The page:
About this exhibition
This exhibition presents a selection of paintings and mixed media by contemporary artists from Myanmar.
These “Burmese Vignettes” refer to the recent history of the country and illustrate events and traditional beliefs.
See this exhibition
@Intersections Gallery, 34 Kandahar st., Singapore
Opening night: 20 September 2018 at 7pm
21 September - 20 October 2018
Theravada Buddhism has not eradicated the traditional worship of the nat spirits
In the eleventh century the King Anawarahta imposed Buddhism in Burma. However, he never managed to eradicate the cult of the nats (spirits) and decided that 37 Nats could be worshipped in Buddhist temples. Contemporary artists use nat representation to express a rebellious spirit.
"The Lord of 5 White Elephant" painting by Nyein Chan Su refers to the Burmese belief that white elephants bring good fortune and are a sign of legitimacy for the leaders of the country.
Artists as memory keepers
Memories for the Future by NCS uses black & white family photos as reminders of the national history, while Red Spirit is based on archive photos of the 1988 events completely covered with red paint. For the artist these series aim to record historical events and warn the younger generations about what could happen again. For his part Min Zaw expresses the anxiety of his generation who grew up with no hope having lost any identity.
Buddhist values and political vision
"Metta" meaning "Loving Kindness" is one of the main values of Buddhism. In "The Voice of Hope", a series of interviews with the writer Alain Clement first published in 1997 , Aung San Su Kyi explained that Metta was a founding principle of her political action. There is no doubt that Tartie's series titled Loving Kindness refers to he political agenda of the NLD (National League for Democracy), Aung San Su Kyi's party.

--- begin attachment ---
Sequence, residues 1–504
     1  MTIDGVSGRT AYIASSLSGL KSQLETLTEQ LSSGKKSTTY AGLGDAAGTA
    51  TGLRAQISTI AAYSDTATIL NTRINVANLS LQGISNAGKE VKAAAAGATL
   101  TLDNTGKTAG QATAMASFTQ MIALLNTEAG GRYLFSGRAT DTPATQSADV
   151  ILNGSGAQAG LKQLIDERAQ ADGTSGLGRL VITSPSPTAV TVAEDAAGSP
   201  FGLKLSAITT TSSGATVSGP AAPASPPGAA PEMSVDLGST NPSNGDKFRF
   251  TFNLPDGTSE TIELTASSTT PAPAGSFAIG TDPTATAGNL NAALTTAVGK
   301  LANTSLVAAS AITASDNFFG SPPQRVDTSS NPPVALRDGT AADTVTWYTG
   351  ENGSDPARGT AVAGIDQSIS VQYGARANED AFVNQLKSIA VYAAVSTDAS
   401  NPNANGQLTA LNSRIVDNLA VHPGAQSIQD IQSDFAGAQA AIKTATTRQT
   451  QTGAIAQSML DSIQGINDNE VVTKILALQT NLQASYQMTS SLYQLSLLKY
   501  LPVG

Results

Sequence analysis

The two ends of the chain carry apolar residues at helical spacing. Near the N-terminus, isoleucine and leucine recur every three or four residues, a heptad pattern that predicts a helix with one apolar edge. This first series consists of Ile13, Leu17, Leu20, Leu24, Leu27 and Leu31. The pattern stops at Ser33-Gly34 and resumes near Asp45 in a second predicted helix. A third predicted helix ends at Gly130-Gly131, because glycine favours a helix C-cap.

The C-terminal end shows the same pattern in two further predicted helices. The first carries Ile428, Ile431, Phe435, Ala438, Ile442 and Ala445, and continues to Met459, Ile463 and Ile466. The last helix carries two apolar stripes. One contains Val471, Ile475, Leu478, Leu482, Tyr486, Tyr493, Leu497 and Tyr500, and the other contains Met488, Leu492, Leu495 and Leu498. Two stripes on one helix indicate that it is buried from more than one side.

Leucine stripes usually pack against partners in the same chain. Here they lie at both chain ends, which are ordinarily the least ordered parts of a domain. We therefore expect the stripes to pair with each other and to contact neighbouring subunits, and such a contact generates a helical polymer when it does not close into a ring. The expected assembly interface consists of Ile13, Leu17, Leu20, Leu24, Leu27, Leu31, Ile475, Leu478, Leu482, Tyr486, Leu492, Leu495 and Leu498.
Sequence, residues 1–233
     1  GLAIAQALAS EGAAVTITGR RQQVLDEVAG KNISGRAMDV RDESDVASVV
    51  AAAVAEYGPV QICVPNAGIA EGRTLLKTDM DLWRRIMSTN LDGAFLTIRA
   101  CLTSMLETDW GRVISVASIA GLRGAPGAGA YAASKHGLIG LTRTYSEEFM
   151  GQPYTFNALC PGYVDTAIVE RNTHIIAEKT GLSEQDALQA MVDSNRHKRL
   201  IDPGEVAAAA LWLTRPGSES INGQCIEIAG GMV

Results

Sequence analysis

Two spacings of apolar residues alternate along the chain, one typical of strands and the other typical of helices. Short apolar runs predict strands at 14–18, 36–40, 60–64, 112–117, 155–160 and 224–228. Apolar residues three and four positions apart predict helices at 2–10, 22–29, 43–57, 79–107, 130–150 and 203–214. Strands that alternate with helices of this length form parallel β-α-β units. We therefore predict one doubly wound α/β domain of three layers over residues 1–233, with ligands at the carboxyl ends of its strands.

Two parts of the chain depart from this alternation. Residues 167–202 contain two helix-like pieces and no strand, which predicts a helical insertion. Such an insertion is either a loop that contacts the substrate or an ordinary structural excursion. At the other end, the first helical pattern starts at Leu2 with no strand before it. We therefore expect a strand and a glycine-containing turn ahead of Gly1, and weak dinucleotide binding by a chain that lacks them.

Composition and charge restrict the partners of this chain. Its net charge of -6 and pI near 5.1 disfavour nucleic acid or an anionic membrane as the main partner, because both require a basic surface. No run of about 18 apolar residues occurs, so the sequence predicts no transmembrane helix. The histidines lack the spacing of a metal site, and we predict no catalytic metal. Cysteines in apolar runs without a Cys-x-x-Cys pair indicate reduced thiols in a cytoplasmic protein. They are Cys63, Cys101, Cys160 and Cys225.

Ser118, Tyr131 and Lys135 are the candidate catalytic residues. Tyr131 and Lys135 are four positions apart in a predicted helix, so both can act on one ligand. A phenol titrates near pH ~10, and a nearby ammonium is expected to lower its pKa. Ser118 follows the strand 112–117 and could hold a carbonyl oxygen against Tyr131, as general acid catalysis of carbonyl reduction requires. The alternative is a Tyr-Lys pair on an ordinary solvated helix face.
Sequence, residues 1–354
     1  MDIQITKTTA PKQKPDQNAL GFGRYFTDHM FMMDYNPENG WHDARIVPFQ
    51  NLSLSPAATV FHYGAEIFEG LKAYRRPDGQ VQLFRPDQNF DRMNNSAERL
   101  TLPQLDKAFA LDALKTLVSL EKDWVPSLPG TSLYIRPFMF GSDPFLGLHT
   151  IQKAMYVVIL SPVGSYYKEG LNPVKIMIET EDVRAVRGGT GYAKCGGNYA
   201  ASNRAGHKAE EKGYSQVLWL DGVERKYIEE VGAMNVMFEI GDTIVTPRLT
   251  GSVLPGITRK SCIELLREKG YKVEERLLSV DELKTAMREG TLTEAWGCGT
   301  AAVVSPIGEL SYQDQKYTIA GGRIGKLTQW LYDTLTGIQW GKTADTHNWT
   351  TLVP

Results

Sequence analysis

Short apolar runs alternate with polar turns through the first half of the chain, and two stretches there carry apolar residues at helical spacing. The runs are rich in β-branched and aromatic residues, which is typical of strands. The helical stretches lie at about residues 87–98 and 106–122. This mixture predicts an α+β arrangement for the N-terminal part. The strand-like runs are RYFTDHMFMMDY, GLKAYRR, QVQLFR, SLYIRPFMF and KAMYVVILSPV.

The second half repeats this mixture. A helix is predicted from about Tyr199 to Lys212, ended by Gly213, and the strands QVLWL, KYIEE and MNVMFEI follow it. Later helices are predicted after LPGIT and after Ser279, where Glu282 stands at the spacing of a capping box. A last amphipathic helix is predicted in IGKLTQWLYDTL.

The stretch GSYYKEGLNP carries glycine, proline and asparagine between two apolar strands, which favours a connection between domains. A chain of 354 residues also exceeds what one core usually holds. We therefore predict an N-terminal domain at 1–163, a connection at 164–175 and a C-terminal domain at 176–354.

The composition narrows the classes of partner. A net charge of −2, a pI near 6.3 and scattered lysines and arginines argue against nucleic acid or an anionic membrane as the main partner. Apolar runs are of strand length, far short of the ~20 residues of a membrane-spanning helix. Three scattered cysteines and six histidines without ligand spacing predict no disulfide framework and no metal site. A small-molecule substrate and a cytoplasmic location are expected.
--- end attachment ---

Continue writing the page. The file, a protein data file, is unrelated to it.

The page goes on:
Tartie rejuvenates the traditional representation of mural paintings with modern composition and techniques. The peacock depicted in the colours of the national flag is not only a buddhist symbol but also a symbol of the country. The writing, which at first glance seems to be in Pali, the sacred buddhist language derived from Sanskrit, has actually no meaning. Would eventually the artist be questioning the way politicians use religious beliefs?
Aung Soe Min openly contends that there is such a crisis in his country with his series titled "Buddhism Crisis" . There is no judgment in Bart Was Not Here's print representing Ashin Wirathu, but certainly a invitation to ponder the current events.
Art made accessible
The above two posters by ZZ Dau Dai are for sale for only 30 SGD each. They address contradictions between former statements by Aung San Su Kyi and currents denials of freedom of expression on the one hand and on the situation of the ethnic minorities on the other.